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Ingrid Werner – OSU
21 September @ 10:00 am - 11:30 am
Bocconi University and IGIER and Baffi-Carefin
Ingrid M. Werner
The Ohio State University
First Draft: May 30, 2017
This Draft: September 22, 2017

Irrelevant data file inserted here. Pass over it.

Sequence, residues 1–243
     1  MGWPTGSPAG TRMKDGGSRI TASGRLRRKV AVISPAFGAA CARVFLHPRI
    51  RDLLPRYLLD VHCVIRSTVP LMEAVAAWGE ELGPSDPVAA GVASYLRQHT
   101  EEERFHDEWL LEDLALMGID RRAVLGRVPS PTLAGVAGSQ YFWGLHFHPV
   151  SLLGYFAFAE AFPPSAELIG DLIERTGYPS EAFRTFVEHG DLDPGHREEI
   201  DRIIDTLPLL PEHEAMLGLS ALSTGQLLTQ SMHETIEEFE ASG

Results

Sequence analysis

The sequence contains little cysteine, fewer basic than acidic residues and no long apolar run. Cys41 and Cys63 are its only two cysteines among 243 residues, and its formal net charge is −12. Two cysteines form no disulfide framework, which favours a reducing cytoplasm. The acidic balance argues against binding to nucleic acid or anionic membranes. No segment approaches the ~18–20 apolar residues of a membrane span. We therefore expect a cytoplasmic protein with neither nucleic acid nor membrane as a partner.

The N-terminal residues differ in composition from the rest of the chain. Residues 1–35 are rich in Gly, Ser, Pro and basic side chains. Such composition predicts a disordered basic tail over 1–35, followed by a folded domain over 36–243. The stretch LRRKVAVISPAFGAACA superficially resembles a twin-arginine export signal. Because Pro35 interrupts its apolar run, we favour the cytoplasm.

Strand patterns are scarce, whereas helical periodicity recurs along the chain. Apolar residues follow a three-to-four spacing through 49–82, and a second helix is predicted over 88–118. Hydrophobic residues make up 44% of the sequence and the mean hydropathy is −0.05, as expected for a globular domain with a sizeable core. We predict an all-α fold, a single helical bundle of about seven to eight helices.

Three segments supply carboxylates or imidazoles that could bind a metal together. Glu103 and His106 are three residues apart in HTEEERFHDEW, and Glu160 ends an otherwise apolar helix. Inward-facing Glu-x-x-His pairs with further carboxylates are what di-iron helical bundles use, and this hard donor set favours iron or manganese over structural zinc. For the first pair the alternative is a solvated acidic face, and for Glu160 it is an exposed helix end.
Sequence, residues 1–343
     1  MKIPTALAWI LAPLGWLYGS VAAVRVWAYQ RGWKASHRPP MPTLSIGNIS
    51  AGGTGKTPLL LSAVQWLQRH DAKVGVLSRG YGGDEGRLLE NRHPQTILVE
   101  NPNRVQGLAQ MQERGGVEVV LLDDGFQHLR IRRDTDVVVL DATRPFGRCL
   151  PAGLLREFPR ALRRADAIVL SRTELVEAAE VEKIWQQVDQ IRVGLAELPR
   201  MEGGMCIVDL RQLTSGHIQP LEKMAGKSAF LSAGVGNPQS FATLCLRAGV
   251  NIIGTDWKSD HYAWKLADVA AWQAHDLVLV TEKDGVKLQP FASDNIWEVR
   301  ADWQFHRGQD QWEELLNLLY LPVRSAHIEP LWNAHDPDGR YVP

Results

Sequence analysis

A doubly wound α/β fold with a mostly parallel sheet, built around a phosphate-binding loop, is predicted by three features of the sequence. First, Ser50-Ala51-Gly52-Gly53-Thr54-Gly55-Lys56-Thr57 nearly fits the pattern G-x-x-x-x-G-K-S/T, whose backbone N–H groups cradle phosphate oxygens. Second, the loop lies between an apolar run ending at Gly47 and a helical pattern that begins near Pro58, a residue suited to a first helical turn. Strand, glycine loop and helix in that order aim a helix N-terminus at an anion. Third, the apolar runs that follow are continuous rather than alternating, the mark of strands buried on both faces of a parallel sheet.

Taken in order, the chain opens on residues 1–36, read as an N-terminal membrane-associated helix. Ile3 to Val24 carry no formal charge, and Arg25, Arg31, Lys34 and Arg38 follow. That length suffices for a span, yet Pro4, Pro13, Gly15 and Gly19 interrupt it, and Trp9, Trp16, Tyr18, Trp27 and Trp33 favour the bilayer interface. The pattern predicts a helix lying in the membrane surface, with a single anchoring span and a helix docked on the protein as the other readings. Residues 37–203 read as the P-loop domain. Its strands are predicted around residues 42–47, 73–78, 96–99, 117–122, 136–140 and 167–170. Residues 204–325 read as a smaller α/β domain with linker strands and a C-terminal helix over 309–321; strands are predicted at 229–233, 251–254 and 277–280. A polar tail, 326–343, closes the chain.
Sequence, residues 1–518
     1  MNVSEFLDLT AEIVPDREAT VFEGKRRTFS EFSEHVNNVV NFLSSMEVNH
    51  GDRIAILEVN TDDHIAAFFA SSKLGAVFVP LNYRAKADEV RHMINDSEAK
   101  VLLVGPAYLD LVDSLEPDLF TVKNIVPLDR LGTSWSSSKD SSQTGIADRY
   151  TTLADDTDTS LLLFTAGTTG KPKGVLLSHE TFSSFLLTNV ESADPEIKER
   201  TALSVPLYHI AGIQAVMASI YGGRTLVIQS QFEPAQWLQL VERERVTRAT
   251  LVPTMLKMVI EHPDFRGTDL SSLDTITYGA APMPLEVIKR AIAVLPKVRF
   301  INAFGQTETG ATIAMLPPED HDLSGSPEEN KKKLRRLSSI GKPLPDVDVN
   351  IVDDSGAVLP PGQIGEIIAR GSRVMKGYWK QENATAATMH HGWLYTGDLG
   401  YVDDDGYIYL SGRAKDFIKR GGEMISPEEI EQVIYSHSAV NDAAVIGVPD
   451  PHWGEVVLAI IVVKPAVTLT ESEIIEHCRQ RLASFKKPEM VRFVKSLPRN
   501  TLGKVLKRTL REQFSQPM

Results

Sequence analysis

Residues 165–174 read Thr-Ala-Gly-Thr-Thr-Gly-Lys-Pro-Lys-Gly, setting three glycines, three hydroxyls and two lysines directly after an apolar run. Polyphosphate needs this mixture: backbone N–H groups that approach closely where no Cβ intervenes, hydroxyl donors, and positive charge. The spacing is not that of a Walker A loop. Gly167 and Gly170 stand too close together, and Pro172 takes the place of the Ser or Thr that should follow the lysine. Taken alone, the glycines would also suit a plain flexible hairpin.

The U.S. equity markets are currently conducting a pilot study of the effects of a larger tick size on market quality and on the rewards for liquidity provision. We show that the larger tick size causes quoted and effective spreads, but also depth, to increase. This raises the cost for retail-sized liquidity demanding orders by almost fifty percent. However, average trade size increases, suggesting that institutions may benefit from the deeper quotes. The larger tick size translates into forty percent higher profits to liquidity providers despite larger price impacts. We attribute these changes mainly to the changes in tick size for displayed quotes, while there are modest or no effects of requiring all trades to execute on a coarser price grid. Moreover, the bulk of the effects occur for tick-constrained stocks which trading costs more than double. By contrast, trading costs for unconstrained stocks decline by more than ten percent. Finally, we document significant spillovers to stocks with unchanged tick size. Our evidence suggests that some market makers left stocks trading in decimals for the more lucrative pilot stocks, and that the reduced competition causes quoted spreads and rewards for liquidity provision to increase also for stocks trading in decimals.